Gas Price Fixing in Quebec

(The Business Ethics Blog is back, after a short hiatus. FYI, this blogger is spending the summer as a Visiting Researcher at the Centre de recherche en éthique at the University of Montreal. Terrific city, terrific ethics centre. OK, onward…)

Don’t you just hate it when conspiracy theorists turn out to be right, or even roughly right?

With gas prices soaring, there’s been plenty of yammering about price-fixing. Surely if prices are so high, it must be because gas companies are colluding to jack up prices. The mere forces of supply and demand couldn’t possibly cause prices to rise, minus some greed-driven chicanery on the part of Big Oil. Right? Right?

Sigh.

Well, turns out (some of) the suspicions were (at least partly) right. A bunch of gas stations here in Quebec have just been charged with price-fixing. And a bunch of individuals and businesses have already pleaded guilty.

Here’s the story from the Globe & Mail: Price-fixing scandal fuels uproar

Christian Goulet has helped fuel a firestorm in Quebec over prices at the pumps.
Mr. Goulet’s statements in a local paper that he received threats from rivals because he was selling fuel at his gas station at lower prices than theirs formed the basis for a sweeping competition-watchdog probe into price-fixing in four Quebec markets.
The article, published four years ago in a Victoriaville biweekly, culminated in the federal Competition Bureau’s laying of criminal charges against 13 individuals and 11 companies in four markets: Victoriaville, Thetford Mines, Magog and Sherbrooke.

Here’s another version en francais, from Radio-Canada: Le Bureau de la concurrence sévit (the headline translates roughly as “Competition Bureau Cracks Down”)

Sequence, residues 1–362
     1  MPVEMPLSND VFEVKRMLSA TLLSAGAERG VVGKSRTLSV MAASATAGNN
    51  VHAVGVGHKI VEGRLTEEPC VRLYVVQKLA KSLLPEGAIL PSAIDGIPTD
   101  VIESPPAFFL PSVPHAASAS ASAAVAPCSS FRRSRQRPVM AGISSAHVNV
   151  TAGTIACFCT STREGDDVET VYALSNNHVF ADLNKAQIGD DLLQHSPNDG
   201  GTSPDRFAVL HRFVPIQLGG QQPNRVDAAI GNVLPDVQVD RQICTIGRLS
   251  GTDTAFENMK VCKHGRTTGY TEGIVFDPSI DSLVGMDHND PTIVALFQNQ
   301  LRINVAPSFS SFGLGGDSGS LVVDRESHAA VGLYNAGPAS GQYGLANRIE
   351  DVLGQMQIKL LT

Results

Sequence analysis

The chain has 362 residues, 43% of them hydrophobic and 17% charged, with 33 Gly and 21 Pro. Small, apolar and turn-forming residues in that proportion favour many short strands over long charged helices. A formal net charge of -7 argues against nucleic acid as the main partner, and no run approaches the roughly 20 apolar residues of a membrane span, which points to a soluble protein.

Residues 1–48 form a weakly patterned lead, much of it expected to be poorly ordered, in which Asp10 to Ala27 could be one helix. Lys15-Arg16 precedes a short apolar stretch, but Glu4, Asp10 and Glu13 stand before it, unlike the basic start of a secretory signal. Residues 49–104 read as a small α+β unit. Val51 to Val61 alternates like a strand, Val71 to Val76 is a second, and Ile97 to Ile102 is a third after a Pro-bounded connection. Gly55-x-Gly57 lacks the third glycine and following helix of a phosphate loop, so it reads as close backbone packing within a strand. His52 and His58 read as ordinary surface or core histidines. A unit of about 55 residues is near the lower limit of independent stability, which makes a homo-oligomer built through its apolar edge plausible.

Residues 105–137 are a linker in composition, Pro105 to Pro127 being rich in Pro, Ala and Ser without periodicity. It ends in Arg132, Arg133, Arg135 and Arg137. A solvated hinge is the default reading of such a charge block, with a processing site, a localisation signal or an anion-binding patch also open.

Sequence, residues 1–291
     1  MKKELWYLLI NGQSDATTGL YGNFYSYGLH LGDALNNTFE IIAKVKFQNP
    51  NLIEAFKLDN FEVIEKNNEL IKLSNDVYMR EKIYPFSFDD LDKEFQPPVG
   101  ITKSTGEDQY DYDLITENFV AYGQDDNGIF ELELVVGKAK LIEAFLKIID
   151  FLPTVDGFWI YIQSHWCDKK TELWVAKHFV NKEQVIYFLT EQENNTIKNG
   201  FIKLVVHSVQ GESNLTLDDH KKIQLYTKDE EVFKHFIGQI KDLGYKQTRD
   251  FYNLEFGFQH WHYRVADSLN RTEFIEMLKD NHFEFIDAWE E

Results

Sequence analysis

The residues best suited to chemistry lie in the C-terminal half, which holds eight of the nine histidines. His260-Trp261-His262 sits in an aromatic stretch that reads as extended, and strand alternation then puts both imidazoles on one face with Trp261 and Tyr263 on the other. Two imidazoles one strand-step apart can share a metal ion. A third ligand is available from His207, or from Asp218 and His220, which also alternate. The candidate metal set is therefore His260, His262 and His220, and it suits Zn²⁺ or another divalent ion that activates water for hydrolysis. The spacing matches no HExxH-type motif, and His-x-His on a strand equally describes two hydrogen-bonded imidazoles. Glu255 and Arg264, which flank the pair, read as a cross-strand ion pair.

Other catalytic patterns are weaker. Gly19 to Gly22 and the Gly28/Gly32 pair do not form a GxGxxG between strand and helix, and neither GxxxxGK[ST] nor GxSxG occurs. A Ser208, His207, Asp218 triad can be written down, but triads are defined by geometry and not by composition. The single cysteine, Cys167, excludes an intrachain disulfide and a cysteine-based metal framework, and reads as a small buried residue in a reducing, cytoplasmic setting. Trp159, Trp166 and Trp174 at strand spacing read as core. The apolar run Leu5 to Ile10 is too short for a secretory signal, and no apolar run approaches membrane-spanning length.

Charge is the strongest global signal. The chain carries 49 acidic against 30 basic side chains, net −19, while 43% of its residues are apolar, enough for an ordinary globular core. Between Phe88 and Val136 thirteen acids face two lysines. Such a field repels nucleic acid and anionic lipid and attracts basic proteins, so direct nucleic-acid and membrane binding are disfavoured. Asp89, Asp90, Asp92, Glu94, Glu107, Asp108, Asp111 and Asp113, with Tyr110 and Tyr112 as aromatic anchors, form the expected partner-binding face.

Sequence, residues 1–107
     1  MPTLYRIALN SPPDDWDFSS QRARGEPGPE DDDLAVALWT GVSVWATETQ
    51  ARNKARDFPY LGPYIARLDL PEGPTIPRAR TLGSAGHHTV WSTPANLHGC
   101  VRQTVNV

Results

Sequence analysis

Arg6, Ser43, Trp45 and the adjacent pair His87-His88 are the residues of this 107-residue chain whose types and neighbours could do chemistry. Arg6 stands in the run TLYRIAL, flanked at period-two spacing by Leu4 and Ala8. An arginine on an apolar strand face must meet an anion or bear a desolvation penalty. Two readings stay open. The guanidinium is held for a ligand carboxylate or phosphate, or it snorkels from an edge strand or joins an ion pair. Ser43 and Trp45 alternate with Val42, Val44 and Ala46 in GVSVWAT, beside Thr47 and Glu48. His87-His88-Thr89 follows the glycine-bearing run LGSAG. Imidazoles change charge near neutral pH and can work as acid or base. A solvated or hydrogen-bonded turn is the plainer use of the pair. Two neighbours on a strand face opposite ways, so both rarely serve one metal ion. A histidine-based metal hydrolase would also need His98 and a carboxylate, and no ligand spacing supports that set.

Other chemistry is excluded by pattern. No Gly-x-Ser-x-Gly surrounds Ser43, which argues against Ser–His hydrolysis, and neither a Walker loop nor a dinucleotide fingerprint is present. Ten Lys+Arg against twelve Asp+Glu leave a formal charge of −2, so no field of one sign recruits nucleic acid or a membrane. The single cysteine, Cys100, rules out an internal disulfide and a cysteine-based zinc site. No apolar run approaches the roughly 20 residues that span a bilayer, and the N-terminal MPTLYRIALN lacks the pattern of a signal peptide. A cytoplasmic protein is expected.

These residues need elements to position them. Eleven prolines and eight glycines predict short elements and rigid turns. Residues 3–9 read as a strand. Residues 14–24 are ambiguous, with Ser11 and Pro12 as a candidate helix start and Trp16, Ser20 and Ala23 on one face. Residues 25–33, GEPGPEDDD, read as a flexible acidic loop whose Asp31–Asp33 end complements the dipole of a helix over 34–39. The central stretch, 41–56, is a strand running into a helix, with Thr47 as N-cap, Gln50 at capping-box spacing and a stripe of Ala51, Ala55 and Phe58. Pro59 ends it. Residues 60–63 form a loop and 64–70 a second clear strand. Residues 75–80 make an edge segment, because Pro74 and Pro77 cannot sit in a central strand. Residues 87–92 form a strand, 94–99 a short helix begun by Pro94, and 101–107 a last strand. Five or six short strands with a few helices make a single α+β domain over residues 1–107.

And here’s an editorial on the topic, from the National Post: The honest price of gas

The Competition Bureau’s discovery of a price-fixing conspiracy at gas stations in four southeastern Quebec cities has led to an apparent wave of “Gotcha!” sentiment among Canadian drivers harried by high prices at the pump. There has always been a strain of opinion that sees something deeply suspicious in the similarity in prices that usually prevails over a geographical area, on any given day, in the consumer market for gas. With prices now hovering around $1.30 a litre in major metro areas, the perennial grumbling is turning into rage. Are the dirty tricks in Sherbrooke and Victoriaville just the tip of the iceberg? Are the rest of us being victimized by the oil companies too?

A couple of things worth noting, here. First, yes, the conspiracy theorists were at least partly right. There’s been evidence of at least local price fixing. No evidence (that I know of) for the holy-grail of gas-price conspiracies, namely the claim that the head offices of the big oil companies are engaging in price fixing.

Second, the story is an interesting study in corporate responsibility for the acts of its agents. Major gas companies keep track of the prices charged by their stations. As noted in the National Post editorial, “A few stations apparently remained outside the cartel, and according to Ultramar, one of the companies that pleaded guilty, its operation required a sales representative to lie to his superiors about local price fluctuations.” It’s another example of how hard it is for large organizations to monitor the activities of their branches & employees, even when (let us assume) they are motivated to do so.

A final thing worth noting — one thing I wouldn’t have (but probably should have) anticipated about this story — is that the price-fixing was achieved at least in part through intimidation. Stop picturing a back-room deal, featuring greedy, cigar-smoking executives cackling as they decide how to divide the spoils of their evil deeds. The truth is more interesting. Conspiring to jack up prices required not just simple agreement, but an agreement apparently enforced by good old-fashioned thuggery. The hero in this story — the gas station owner who went public — simply wanted to conduct business in the good old-fashioned capitalist way, doing his best to make his product available to the public at a price better than the competition.

——
(Merci à Dominic pour l’idée!)

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